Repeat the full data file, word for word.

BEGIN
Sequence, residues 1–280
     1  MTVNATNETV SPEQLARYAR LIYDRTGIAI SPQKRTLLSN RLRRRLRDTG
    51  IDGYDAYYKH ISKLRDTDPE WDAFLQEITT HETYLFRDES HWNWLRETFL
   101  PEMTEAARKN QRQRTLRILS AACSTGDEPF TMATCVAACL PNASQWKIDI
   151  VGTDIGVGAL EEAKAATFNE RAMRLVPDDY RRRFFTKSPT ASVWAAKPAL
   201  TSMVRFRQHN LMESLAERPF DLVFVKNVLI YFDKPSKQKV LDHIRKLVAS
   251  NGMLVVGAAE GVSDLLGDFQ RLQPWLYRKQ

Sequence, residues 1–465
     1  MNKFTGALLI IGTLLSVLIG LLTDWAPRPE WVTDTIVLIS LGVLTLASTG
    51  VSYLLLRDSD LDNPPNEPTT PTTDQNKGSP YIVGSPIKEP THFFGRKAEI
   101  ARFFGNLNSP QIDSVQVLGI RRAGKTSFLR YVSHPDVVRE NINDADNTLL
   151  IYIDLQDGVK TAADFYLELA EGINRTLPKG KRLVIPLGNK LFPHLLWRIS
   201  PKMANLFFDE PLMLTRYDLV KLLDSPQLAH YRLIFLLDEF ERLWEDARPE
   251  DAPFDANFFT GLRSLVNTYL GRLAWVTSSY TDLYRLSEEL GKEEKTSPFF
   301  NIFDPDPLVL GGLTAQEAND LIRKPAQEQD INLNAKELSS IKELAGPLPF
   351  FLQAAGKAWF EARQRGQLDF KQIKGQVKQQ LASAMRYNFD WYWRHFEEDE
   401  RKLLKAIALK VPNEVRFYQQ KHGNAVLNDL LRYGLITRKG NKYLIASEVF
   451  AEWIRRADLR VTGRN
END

Sequence, residues 1–280
     1  MTVNATNETV SPEQLARYAR LIYDRTGIAI SPQKRTLLSN RLRRRLRDTG
    51  IDGYDAYYKH ISKLRDTDPE WDAFLQEITT HETYLFRDES HWNWLRETFL
   101  PEMTEAARKN QRQRTLRILS AACSTGDEPF TMATCVAACL PNASQWKIDI
   151  VGTDIGVGAL EEAKAATFNE RAMRLVPDDY RRRFFTKSPT ASVWAAKPAL
   201  TSMVRFRQHN LMESLAERPF DLVFVKNVLI YFDKPSKQKV LDHIRKLVAS
   251  NGMLVVGAAE GVSDLLGDFQ RLQPWLYRKQ

Sequence, residues 1–465
     1  MNKFTGALLI IGTLLSVLIG LLTDWAPRPE WVTDTIVLIS LGVLTLASTG
    51  VSYLLLRDSD LDNPPNEPTT PTTDQNKGSP YIVGSPIKEP THFFGRKAEI
   101  ARFFGNLNSP QIDSVQVLGI RRAGKTSFLR YVSHPDVVRE NINDADNTLL
   151  IYIDLQDGVK TAADFYLELA EGINRTLPKG KRLVIPLGNK LFPHLLWRIS
   201  PKMANLFFDE PLMLTRYDLV KLLDSPQLAH YRLIFLLDEF ERLWEDARPE
   251  DAPFDANFFT GLRSLVNTYL GRLAWVTSSY TDLYRLSEEL GKEEKTSPFF
   301  NIFDPDPLVL GGLTAQEAND LIRKPAQEQD INLNAKELSS IKELAGPLPF
   351  FLQAAGKAWF EARQRGQLDF KQIKGQVKQQ LASAMRYNFD WYWRHFEEDE
   401  RKLLKAIALK VPNEVRFYQQ KHGNAVLNDL LRYGLITRKG NKYLIASEVF
   451  AEWIRRADLR VTGRN